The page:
Although catalysts of formulas 1 and 2 do not appear to have been reported in the literature, those skilled in the art will recognize known synthetic methods by which such compounds could be prepared. Thus, according to one possible approach illustrated in Scheme 2, a catalyst IV (corresponding to a compound of formula 1 in E=N, TM=Pd, A=Al, Y=O, X=R (such as Ph), Z=CH3, L=Cl, and n=1) could be prepared via precursor III starting from the di-alcohol I. Coupling with AlR2Cl (e.g., R=Ph) yields compound II, which could then be reacted with PdCl2 to form precursor III. This precursor could then be activated by standard cocatalysts such as MAO or B(Ar)4 (where Ar=3,5-C6H3(CF3)2) to give the active species IV.

Those skilled in the art will recognize that the ILA-SS-POPC catalysts 1 and 2 described herein should be useful to polymerize polar olefin monomers (such as methyl acrylate) using standard procedures such as those used by Brookhart (for an example, see S. Mecking, et al., J. Am. Chem. Soc. 1998, 120, 888). Thus, a polymerization might begin with the formation of a solution of the precursor III in a solvent such as methylene chloride or other suitable solvent, along with a standard cocatalyst (e.g., MAO or B(Ar)4) using standard equipment (such as Schlenk flask/tube and Schlenk line or Parr reactor) and under standard inert conditions. The polar monomer is added to the solution, stirred, and allowed to react for up to several days at temperatures ranging from about 0° C. to about 100° C. and at pressures ranging from about 1 atm to about 50 atm. A similar procedure could be used to form copolymers, except that two monomers (which could include two polar monomers, or one polar monomer and one non-polar monomer, such as ethylene) are added to the precursor/cocatalyst solution and allowed to react as above.

A number of embodiments of the invention have been described. Nevertheless, it will be understood that various modifications may be made without departing from the spirit and scope of the invention. For example, the ILA-SS-POPC catalysts have been described in the context of the production of homo- and co-polymers of vinyl chloride, vinyl acetate, methyl acrylate and acrylonitrile. Those skilled in the art will recognize that the computational techniques described herein can be readily applied to identify catalyst systems for other monomers without due experimentation. Accordingly, other embodiments are within the scope of the following claims.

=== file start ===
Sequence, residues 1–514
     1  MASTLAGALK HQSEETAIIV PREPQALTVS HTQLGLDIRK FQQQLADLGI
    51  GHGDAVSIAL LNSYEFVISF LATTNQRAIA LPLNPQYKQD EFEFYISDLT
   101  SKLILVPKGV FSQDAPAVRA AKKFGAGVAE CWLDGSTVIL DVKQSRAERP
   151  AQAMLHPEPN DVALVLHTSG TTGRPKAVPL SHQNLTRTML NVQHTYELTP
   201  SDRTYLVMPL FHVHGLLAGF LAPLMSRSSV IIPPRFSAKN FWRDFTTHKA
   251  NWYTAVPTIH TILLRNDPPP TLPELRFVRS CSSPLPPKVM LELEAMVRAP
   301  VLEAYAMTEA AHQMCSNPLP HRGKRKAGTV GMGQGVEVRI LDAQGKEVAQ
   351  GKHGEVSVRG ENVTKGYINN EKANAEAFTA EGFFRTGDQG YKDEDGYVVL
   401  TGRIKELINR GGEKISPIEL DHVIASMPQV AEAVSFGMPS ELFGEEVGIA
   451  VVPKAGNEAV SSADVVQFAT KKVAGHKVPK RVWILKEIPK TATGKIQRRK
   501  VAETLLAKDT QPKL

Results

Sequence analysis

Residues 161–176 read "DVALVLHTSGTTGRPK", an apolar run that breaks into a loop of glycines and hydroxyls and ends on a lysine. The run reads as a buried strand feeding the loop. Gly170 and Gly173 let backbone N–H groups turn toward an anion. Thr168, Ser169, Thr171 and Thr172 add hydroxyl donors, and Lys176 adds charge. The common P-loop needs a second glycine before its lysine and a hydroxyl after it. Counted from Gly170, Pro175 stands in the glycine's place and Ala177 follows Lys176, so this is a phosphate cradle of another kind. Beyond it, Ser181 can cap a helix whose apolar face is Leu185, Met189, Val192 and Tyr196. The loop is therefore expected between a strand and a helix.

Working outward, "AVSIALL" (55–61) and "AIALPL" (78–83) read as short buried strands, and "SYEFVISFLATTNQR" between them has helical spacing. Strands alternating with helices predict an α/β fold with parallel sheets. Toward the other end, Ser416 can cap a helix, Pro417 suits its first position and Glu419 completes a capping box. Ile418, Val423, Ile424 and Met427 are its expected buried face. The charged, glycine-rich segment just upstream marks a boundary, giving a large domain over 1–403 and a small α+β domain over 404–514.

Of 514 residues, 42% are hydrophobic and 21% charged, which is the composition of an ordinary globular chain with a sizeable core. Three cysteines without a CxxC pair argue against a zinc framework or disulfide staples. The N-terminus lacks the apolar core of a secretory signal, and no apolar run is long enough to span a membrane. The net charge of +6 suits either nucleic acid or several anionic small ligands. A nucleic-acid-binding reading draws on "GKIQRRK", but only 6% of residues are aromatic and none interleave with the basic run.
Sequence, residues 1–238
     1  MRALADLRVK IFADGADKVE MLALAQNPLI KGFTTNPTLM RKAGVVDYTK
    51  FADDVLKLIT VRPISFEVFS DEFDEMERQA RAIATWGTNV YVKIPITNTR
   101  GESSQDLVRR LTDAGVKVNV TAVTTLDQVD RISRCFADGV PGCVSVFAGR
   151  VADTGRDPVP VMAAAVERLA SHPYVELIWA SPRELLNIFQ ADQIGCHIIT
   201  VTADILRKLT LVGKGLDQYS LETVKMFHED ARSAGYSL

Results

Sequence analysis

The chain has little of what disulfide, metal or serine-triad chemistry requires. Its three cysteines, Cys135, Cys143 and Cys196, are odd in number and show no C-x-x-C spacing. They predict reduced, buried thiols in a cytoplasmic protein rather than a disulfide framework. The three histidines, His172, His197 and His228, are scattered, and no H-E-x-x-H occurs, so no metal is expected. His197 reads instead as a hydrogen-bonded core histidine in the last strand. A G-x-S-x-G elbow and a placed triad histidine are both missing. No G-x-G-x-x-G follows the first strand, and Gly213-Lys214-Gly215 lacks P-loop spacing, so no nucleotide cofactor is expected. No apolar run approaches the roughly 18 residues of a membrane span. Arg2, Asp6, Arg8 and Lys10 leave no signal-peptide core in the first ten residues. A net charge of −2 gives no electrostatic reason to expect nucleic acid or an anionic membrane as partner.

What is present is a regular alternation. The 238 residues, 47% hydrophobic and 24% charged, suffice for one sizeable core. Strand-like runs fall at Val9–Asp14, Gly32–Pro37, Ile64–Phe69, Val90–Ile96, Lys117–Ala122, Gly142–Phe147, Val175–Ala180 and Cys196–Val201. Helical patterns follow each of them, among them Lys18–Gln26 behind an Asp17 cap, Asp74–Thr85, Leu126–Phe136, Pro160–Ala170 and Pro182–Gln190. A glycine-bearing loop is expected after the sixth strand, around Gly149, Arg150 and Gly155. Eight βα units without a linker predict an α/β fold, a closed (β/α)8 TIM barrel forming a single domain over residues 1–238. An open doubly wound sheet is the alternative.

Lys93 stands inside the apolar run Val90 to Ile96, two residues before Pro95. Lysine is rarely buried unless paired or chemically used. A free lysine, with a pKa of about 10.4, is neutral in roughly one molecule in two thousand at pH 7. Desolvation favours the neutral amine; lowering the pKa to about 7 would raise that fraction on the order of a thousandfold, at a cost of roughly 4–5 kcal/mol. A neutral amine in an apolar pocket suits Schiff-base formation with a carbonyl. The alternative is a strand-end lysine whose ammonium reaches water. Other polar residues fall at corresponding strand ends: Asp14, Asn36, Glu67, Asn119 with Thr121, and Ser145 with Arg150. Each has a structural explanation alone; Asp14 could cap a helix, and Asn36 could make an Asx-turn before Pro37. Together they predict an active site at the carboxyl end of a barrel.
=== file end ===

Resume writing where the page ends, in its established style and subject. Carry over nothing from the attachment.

Patent Citations
Cited PatentFiling datePublication dateApplicantTitle
US4544762Oct 31, 1983Oct 1, 1985Hoechst AktiengesellschaftProcess for the preparation of oligomeric aluminoxanes
US5003095Mar 8, 1990Mar 26, 1991Ethyl CorporationProcess for preparing methylaluminoxanes
US5015749Sep 7, 1989May 14, 1991The Dow Chemical CompanyPreparation of polyhydrocarbyl-aluminoxanes
US5057475Sep 13, 1990Oct 15, 1991Exxon Chemical Patents Inc.Mono-Cp heteroatom containing group IVB transition metal complexes with MAO: supported catalyst for olefin polymerization
US5234878Feb 12, 1991Aug 10, 1993Mitsui Petrochemical Industries, Ltd.Olefin polymerization solid catalysts and process for the polymerization of olefins
WO1998027124A1Dec 16, 1997Jun 25, 1998E.I. Du Pont De Nemours And CompanyPolymerization of ethylene with specific iron or cobalt complexes, novel pyridinebis(imines) and novel complexes of pyridinebis(imines) with iron and cobalt
Non-Patent Citations
Reference
1Aaltonen et al., "Synthesis of Functional Polyethylene with Soluble Metallocene/Methylaluminoxane Catalyst", Macromolecules, (Jul. 1995) 28:5353-5357.
2Andresen et al., "Halogen-Free Soluble Ziegler Catalysts for the Polymerization of Ethylene, Control of Molecular Weight by Choice of Temperature", Angewandte Chemie. Int'l. Edition in English, (1976) 15:630-632.
3Arlman et al., "Ziegler-Natta Catalysis III. Stereospecific Polymerization of Propene with th Catalyst System TiCl3-AlEt3", Journal of Catalysis(1964), 3:99-104.